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Spectacular Four-Plan

The BCS is finally dead, and while the NCAA debates the new playoff model, SI has the plan that would be best for all

To the delight of frustrated fans, the widely reviled BCS will soon be no more. "It will be a seismic change for college football, obviously," executive director Bill Hancock said last week after conference commissioners agreed to pursue a four-team playoff that would begin with the 2014 season. Public criticism of the current system has grown too loud, the prospect of doubling or tripling the current $160 million contract with ESPN too enticing. But as ACC commissioner John Swofford said after three days of meetings last week in Hollywood, Fla., "The devil is in the details. We're going to find out how much devil is in there." Each conference's presidents, athletic directors and coaches will be asked to weigh in on several undisclosed proposals, and disagreement is likely to reign.

Here's how a hypothetical playoff would look if SI called the shots:

• LOCATION: Pac-12 commissioner Larry Scott is among the proponents of hosting playoff games at campus stadiums. While the prospect of Alabama visiting Nebraska in late December may sound enticing, in reality, small college towns like Eugene, Ore., and State College, Pa., aren't equipped to host tens of thousands of visiting fans, media and corporate sponsors, particularly on short notice, maybe as few as 23 days. Press boxes are oftentimes small, hotel rooms in short supply and stadiums lacking the type of luxury suites that maximize revenue. "It may have more disadvantages than advantages," says SEC commissioner Mike Slive. More important, coaches and players should not be denied the traditional bowl-week experience that other lesser bowl-bound programs will continue to enjoy. "Having the bowl system intact as much as possible is probably healthy for college football," says Alabama coach Nick Saban.

To achieve that, the traditional bowls will host the two semifinal games, while still maintaining their historical conference tie-ins. If, for example, the No. 1 seed in a given year is the Big Ten or Pac-12 champ, it would host the No. 4 seed in the Rose Bowl. (The traditionalists in Pasadena would have to sacrifice their desire to keep an annual Big Ten--Pac-12 matchup, which, recent developments suggest, they're willing to do.) If the No. 2 seed hails from the SEC, it would host the No. 3 seed in the Sugar Bowl. Ditto the ACC and the Orange Bowl. Two existing bowls (one of them most likely the revitalized Cotton) would join the four existing BCS games, in part to serve as semifinal hosts should the No. 1 and/or No. 2 teams hail from unaffiliated conferences such as the Big East or Mountain West, or when the No. 1 and No. 2 teams hail from the same conference, as happened last year. All six potential semifinal bowls, which we'll call the Big Six, would be played on either Dec. 31 or Jan. 1, with the national-championship game to follow roughly a week later, depending on the calendar. Like the Super Bowl or the Final Four, that event will be bid out to any city, from New York to Atlanta to Indianapolis, giving all regions of the country an opportunity to participate in the college postseason.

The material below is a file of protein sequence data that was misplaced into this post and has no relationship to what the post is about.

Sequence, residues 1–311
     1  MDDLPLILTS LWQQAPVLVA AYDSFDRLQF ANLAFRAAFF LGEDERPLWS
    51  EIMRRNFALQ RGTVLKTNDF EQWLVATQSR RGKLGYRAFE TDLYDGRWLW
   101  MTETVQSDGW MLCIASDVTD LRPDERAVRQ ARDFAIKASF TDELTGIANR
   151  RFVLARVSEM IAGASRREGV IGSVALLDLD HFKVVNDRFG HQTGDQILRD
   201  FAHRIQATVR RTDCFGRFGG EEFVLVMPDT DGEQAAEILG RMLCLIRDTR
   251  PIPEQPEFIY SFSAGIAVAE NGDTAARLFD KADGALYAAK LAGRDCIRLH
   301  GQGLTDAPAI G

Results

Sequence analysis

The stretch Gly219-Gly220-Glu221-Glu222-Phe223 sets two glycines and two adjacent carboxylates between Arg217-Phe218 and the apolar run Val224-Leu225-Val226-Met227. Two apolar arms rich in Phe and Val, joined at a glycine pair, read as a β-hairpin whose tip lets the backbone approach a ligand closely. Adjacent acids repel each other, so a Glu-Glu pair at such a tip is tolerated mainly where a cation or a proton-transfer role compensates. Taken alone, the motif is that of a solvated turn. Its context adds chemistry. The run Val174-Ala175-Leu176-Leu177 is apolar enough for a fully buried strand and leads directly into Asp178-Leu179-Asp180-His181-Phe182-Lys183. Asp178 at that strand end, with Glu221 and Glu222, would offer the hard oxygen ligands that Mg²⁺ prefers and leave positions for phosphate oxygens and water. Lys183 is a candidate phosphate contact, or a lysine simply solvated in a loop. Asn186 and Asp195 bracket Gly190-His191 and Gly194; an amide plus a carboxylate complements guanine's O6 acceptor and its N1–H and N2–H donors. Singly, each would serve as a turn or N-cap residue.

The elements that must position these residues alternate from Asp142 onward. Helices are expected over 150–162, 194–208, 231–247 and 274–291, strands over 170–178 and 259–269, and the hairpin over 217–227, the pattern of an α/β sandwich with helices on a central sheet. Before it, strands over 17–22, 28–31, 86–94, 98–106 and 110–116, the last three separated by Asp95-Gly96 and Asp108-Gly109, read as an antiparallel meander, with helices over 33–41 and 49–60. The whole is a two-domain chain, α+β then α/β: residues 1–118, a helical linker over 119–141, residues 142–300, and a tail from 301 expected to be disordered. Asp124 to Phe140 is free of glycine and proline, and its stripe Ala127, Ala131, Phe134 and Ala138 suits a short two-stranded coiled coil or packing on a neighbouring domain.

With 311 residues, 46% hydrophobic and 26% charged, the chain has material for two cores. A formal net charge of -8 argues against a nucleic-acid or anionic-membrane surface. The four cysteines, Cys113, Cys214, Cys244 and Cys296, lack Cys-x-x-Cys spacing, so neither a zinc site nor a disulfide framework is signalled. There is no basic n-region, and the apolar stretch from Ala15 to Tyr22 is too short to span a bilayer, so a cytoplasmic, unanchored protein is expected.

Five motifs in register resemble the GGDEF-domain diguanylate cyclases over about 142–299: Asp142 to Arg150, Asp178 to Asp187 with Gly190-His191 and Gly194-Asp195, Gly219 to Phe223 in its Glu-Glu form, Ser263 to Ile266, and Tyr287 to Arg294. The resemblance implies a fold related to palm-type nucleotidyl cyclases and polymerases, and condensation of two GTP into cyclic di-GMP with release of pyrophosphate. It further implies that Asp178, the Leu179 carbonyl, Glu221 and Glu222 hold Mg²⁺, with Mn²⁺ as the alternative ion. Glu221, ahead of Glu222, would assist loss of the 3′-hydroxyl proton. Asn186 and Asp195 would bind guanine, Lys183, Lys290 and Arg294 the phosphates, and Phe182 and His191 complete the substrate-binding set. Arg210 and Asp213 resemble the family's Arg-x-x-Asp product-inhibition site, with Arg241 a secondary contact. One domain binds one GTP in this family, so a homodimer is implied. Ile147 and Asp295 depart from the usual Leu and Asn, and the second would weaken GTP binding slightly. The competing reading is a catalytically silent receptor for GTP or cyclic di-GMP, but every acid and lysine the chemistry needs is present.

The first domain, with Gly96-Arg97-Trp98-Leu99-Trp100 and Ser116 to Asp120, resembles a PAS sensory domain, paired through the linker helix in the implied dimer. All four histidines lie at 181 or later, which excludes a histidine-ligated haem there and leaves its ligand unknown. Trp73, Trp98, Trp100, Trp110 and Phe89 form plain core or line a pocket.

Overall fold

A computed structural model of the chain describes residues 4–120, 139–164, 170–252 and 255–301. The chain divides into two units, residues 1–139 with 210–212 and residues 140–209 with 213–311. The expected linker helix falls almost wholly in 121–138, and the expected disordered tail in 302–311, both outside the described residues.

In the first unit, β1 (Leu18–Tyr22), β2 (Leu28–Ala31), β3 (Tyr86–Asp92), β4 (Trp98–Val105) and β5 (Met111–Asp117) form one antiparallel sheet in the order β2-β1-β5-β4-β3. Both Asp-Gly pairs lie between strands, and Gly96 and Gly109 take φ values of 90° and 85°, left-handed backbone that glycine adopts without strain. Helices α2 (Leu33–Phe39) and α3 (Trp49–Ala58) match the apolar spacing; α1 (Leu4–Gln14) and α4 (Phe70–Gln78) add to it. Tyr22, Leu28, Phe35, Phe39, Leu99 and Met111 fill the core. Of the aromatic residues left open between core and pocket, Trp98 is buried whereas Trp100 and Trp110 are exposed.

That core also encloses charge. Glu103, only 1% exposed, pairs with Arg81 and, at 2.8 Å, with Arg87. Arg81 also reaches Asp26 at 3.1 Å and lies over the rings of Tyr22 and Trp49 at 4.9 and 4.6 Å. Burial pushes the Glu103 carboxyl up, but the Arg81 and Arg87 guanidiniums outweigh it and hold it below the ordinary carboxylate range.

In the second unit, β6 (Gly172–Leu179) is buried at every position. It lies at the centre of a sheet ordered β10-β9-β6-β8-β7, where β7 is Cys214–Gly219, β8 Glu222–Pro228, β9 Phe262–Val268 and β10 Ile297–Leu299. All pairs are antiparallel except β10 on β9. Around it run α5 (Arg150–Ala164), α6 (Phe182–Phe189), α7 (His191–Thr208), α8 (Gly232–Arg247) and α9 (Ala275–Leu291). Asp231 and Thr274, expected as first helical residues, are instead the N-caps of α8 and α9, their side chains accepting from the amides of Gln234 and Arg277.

Had this system been in place last season (using the final BCS rankings for this exercise only), top-seeded LSU would have faced No. 4 Stanford in the Sugar, and second-seeded Alabama would have met No. 3 Oklahoma State in one of the unaffiliated bowls, such as the Cotton.

• ACCESS: Following last season's wildly unpopular Alabama-LSU championship rematch, there's been considerable public sentiment in favor of restricting the national-title race solely to conference champions (which would have eliminated Alabama last year). But that would create too many credibility issues. Fans won't universally accept a team ranked seventh in the AP poll that happens to be that year's Big 12 champion emerging from a field that's missing one or more teams ranked above it. You'd also have to make exceptions for Notre Dame and other independents as well. "[Numbers] 1 through 4 is more easily understandable," says Swofford. Therefore, the playoff should consist of the nation's top four teams with no restrictions.

• SELECTION: It's time to scrap the clunky BCS standings, composed of computer rankings that no one understands and polls made up either of coaches who rarely see teams outside their own conferences or out-of-touch Harris voters. Institute a selection committee, much like that used for the NCAA men's and women's basketball tournaments, consisting of recent or retired former head coaches who know the sport best and don't have a full-time job to divert their attention. Give them a set of guidelines to follow, most notably an emphasis on schedule strength (to preclude against padding records with cupcakes) and head-to-head results with other contenders.

There will be many other details to hash out, including the dicey issue of revenue distribution (the automatic-qualifying-conference designation is going away, but that doesn't mean the Sun Belt will get the same cut as the SEC), and improving the selection process for nonplayoff bowls (a minimum top 15 ranking should be instituted for the Big Six). The SI model ensures a credible event that both incorporates the tradition of bowl games and maintains the sport's week-in, week-out regular-season stakes. "The goal is to make the postseason a celebration of college football," says Slive. After waiting all this time, long-suffering playoff proponents may soon be holding their own celebration.

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BOWLATOLOGY Had this playoff model been in place last year, LSU, Alabama, Oklahoma State and Stanford would have made a fan-tastic four.



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